I particularly also found it fitting that the model is stretching, as if taking a break from a jog or pedestrian stroll or walk 🙂 Take care of yourself, exercise, and remember that it’s the little things that count! (I should really take that advice…) Overall, I’m really pleased that, although the result appears uncomplicated, that all its parts combine very well… it made me really happy that the class laughed once they realized exactly what my mocap attempted to mimic in real life. (The beep boop audio helped immensely, I believe… by the way, credits to this CMU remix, which is where I cropped the audio from!)



GitHub repository//

import processing.sound.*;
SoundFile file; 

// Originally from

import java.util.ArrayList;
import java.util.List;

BvhParser parserA = new BvhParser();
PBvh bvh1, bvh2, bvh3;

long totalFrameTime;
long loopCounter;
long loopTime;

void setup()
  size( 600, 600, P3D );
  background( 0 );
  frameRate( 30 );
  file = new SoundFile(this, "beepboop.wav");

  bvh1 = new PBvh( loadStrings( "A_test.bvh" ) ); // testing w this one
  //bvh2 = new PBvh( loadStrings( "B_test.bvh" ) );
  //bvh3 = new PBvh( loadStrings( "C_test.bvh" ) );

  totalFrameTime = bvh1.parser.totalLoopTimeMillis();

long lastMillis = -1;
long setToMillis = 0;

public void draw()
  if (lastMillis == -1) {
    lastMillis = millis();
  background( 0 );

  float _cos = 0.0;
  float _sin = 0.0;
  //camera(width/4.f + width/4.f * _cos +200, height/2.0f-100, 550 + 150 * _sin, width/2.0f, height/2.0f, -400, 0, 1, 0);
  camera(width/2, height/2, 510.0, width/2, height/2, 0.0, 0, 1, 0); 
  fill( color( 255 ));
  //line(width/2.0f, height/2.0f, -30, width/2.0f, height/2.0f, 30);
  //line(width/2.0f-30, height/2.0f, 0, width/2.0f + 30, height/2.0f, 0);

  translate( width/2, height/2-10, 0);
  scale(-1, -1, -1);

  long currMillis = millis() % totalFrameTime;
  long elapsedMillis = currMillis - lastMillis;
  long savedCurrMillis = currMillis;
  if (currMillis < lastMillis) {
    loopCounter = 150;
    loopTime = setToMillis;
  if (loopCounter > 0) {
    setToMillis = 200;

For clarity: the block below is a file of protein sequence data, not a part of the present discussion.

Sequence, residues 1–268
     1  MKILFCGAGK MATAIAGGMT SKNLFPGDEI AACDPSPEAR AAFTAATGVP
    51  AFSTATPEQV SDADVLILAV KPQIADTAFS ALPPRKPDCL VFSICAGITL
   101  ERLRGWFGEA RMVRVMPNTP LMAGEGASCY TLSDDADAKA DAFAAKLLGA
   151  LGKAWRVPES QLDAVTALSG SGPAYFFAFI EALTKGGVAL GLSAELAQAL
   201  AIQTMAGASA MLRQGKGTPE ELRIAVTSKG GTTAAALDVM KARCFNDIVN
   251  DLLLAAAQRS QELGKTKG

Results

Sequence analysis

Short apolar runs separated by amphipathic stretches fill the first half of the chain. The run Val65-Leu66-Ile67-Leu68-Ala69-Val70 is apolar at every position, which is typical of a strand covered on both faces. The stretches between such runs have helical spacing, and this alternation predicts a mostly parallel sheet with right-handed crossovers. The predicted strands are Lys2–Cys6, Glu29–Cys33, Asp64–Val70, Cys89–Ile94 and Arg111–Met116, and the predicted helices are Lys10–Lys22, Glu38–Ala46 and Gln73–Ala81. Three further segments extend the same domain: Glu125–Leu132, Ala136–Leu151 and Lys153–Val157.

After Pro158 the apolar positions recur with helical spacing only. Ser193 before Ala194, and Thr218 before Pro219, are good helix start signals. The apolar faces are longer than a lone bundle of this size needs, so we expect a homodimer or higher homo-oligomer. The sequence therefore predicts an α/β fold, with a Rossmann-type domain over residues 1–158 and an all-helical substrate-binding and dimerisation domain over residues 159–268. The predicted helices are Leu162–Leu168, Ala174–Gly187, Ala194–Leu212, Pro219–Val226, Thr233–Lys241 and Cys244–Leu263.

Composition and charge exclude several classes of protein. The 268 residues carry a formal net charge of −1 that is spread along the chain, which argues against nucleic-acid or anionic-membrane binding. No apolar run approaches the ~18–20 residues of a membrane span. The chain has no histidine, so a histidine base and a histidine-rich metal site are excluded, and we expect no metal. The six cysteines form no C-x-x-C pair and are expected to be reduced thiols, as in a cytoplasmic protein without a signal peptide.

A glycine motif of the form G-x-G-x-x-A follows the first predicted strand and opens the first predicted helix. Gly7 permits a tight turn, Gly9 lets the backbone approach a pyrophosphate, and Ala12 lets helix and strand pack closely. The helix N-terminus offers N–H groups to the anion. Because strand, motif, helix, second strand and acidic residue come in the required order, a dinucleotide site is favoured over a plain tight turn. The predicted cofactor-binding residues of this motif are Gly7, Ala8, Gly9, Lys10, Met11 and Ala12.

} else {
    setToMillis += elapsedMillis;

  bvh1.update( (int)setToMillis );
  //bvh2.update( millis() );
  //bvh3.update( millis() );
  lastMillis = savedCurrMillis;
  int num = 54;
  int r = width / num; 
  //int count = 0;
  /*for (float i = 40; i < width-40; i = i+r) {
    for (float j = 40; j < height-40; j = j+r) {
  fill(64,64,64); // 34
  for (float i = 40; i < width-40; i = i+r) {
    int count = 0;
    for (float j = 40; j < height-40; j = j+r) {
      if (isBoneNear(bvh1.getBones(),i,j)) {
        if (loopCounter > 0) {
        } else {
      } else {

boolean isBoneNear(List bones, float x, float y) {
  float epsilon = 6.8;
  float scale = 2.7;
  x = x / scale;
  y = -y / scale;
  float xOffset = -105.0;
  float yOffset = 201.0;
  x += xOffset;
  y += yOffset;
  for (BvhBone bone : bones) {
    PVector start = bone.absPos;
    PVector end;
    epsilon = 6.8;
    if (bone.getName().equals("Head")) {
      epsilon = 12;
    if (bone.getParent() == null) {
      end = bone.getChildren().get(0).absPos;
    } else {
      end = bone.getParent().absPos;
    //PVector end = bone.absEndPos;
    float x1 = start.x;
    float y1 = start.y;
    float x2 = end.x;
    float y2 = end.y;
    double dist = lineDist(x1, y1, x2, y2, x, y);
    if (dist < epsilon) return true;
  return false; 

double lineDist(float x1, float y1, float x2, float y2, float x3, float y3) {
  float px=x2-x1;
  float py=y2-y1;
  float temp=(px*px)+(py*py);
  float u=((x3 - x1) * px + (y3 - y1) * py) / (temp);
  else if(u<0){
  float x = x1 + u * px;
  float y = y1 + u * py;
  float dx = x - x3;
  float dy = y - y3;
  double dist = Math.sqrt(dx*dx + dy*dy);
  return dist;